The recipe of Netflix’s well done Beef

Universally acclaimed, Beef has already been hailed as one of the best series on Netflix. David Ho bites into what makes this show tick and why it is so juicy

For those not in the know, the psychological thriller with dark comedy elements stars Ali Wong and Steven Yeun as two strangers embroiled in a road rage incident, whose lives get increasingly intertwined as they engage in a tit-for-tat that eventually draws everyone in their orbit and into the sticky, complex web they have weaved.

The premise of the series was born from creator/writer Lee Sung-Jin’s own brush with road rage. Interestingly, the character of Amy Lau (played by Wong) was originally envisioned as a white man, like Lee’s real-life incident. But the idea was quickly scrapped to avoid it falling into a commentary on race. Instead, the leads are Asian-Americans, both members of a model minority monolith that frowns on anger or any unpleasant expressions. Please note, there are some *mild spoilers ahead*.

Ali Wong in Beef.

After an exciting car chase, we are introduced to Amy. Besides being a harried wife and mother of one, she is a small business owner on the verge of selling her bougie plant business to Jordan Forster (played by Maria Bello), the deliciously grating billionaire owner of a chain store who puts her through a wringer of microaggressions, often seemingly for sport.

Amy’s husband George (Joseph Lee) is an aspiring artist from an established art family. While sweet, he often dismisses Amy’s need for an ear to vent to by brushing away her financial concerns and instructing her to write a gratitude journal instead. His acerbic and passive-aggressive mother also keeps Amy on her toes, which pressures her into maintaining her facade.

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On the other hand, Yeun’s Danny Cho is the son of South Korean immigrants who have lost their hotel business and are back in their native land to work until they can afford to get it back.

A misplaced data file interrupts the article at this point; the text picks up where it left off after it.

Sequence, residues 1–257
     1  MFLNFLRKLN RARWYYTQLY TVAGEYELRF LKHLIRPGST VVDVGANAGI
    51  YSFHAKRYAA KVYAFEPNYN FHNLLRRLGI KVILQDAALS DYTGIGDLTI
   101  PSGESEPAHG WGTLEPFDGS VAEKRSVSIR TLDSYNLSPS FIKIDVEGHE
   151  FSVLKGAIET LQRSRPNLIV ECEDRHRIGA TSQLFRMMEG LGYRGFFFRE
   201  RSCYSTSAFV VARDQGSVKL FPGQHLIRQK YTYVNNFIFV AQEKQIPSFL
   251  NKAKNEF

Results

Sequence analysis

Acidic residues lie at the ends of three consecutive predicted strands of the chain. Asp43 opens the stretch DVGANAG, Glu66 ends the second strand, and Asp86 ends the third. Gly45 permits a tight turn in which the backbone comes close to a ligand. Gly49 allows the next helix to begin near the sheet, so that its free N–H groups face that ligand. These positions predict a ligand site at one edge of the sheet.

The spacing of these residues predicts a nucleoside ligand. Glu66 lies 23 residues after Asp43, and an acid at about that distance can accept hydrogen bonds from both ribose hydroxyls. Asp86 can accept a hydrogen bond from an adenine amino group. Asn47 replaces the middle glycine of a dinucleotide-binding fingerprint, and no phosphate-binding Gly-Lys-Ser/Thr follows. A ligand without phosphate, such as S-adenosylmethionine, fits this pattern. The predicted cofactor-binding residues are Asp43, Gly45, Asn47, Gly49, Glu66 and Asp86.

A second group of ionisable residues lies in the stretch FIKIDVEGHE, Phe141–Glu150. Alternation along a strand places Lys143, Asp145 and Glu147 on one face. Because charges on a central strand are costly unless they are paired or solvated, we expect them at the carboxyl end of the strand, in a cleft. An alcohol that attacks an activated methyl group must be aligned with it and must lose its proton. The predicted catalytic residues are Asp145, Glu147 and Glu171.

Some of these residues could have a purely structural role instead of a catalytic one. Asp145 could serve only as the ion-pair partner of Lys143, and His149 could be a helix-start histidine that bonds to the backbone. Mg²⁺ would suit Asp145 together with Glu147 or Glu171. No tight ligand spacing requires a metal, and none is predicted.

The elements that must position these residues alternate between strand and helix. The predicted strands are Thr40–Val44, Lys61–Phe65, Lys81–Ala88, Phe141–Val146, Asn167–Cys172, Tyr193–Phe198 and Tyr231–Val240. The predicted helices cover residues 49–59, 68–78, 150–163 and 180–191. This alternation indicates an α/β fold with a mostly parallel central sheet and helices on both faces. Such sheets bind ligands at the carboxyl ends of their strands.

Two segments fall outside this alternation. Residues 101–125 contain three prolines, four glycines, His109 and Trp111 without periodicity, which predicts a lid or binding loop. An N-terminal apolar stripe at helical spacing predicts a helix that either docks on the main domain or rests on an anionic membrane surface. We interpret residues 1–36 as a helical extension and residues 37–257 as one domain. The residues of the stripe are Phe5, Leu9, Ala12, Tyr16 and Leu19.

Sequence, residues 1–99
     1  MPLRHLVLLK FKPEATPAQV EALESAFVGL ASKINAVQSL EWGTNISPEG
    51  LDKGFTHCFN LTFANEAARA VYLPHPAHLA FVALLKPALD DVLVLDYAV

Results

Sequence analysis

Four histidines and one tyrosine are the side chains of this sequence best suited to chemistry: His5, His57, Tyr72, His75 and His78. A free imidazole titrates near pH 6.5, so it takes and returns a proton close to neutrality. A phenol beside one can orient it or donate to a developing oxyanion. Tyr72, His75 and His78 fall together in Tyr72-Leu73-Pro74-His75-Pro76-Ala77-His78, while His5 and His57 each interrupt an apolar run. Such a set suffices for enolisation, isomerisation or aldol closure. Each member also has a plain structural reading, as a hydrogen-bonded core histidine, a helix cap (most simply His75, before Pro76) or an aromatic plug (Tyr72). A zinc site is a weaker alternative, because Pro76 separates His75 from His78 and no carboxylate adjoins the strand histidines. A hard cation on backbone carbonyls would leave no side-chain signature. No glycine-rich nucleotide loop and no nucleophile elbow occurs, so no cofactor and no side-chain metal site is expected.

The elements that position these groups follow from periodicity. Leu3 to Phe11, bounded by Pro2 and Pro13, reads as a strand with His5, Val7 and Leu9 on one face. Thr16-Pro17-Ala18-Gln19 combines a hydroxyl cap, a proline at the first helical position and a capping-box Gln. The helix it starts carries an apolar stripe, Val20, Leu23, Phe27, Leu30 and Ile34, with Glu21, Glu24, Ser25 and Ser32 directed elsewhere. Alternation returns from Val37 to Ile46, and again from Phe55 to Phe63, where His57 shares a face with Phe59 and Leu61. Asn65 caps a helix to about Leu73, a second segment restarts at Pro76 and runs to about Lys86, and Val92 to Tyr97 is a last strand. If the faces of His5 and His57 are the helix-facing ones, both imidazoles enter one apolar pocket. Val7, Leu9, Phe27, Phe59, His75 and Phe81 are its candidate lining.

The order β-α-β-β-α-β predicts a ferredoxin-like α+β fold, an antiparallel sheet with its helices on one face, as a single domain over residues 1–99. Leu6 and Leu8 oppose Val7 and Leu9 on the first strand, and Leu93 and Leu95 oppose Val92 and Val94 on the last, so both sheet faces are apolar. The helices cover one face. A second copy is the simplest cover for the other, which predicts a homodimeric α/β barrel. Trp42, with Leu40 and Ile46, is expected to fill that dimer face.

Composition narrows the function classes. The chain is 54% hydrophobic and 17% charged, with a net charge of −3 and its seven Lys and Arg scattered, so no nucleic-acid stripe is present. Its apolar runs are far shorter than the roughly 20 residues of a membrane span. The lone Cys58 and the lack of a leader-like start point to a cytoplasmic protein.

Danny tries to raise money and make ends meet as a handyman for unwilling clients while trying to enlist his deadbeat, crypto-bro sibling Paul (played by Young Mazino) in the pursuit. His criminal cousin Isaac (David Choe, who also provided the art displayed on the title cards) entices, coerces, and gets him caught in dodgy schemes.

While hailing from different socio-economic backgrounds, both leads exemplify how anger muted often turns to rage. The fact that they have finally found a punching bag in each other is addictively exhilarating for them. It is underscored by the gleeful expressions on first Danny and later Amy as she chases him down for urinating all over her newly renovated bathroom (while Hoobastank’s The Reason plays in one of the most excellently soundtracked scenes). The lyrics truly speak volumes of the toxic dynamics and the purpose the pair derive from their rivalry.  

Steven Yeun gets mad.

Later, we find both Amy and Danny in a much better place in life. But a hollowness permeates both their lives, driven by generational trauma, depression, and a lack of purpose. A resumption of the feud takes things to a new level as the pair use revenge as both payback and a form of escape from their issues.  

Much like Ozark, Beef glides by not just on the ping pong nature of the central tension. The strong writing, masterful performances from the entire cast, Y2K-centric soundtrack choices and the “what would I do?” setup propel the series along.

At its core, Beef is a meditation on rage finally finding an outlet to claw out from, especially when it has been shut down in many ways. But it also draws heavily on the tensions in class warfare, which help make the supporting characters equally compelling.

Young Mazino on the set of Beef.

In the social food chain, those in the upper middle class like Amy, her mother-in-law (Patti Yasutake) and friend Naomi (Ashley Park) orbit around the whims and fancies of the one percent, personified by Jordan whose fascination with a custom chair has them all in a tailspin.

Yet, Jordan’s riches from her stores are funded by the customs of the lower classes occupied by Danny and his crew. They end up pushed around by the likes of Amy, who annihilates Danny through a potent mix of bad Yelp reviews and uniformed assistance, complete with finger wagging in a blonde Karen bob cut. At one point, Jordan wryly notes the source of her wealth and the need to keep her indulgences out of the public eye, making her prisoner in a hive-like mansion that would later become her undoing.

Creator Lee Sung-Jin has spoken about the possibility of more seasons, with three seasons already mapped out in his head. Despite the love for it, fan reactions have been mixed as some have said that the story arc is perfect as it already is.

Whether or not that pans out remains to be seen. But with such a strong spell weaved over just 10 episodes, we have no beef with the creators if the story continues.   

Photos by Netflix

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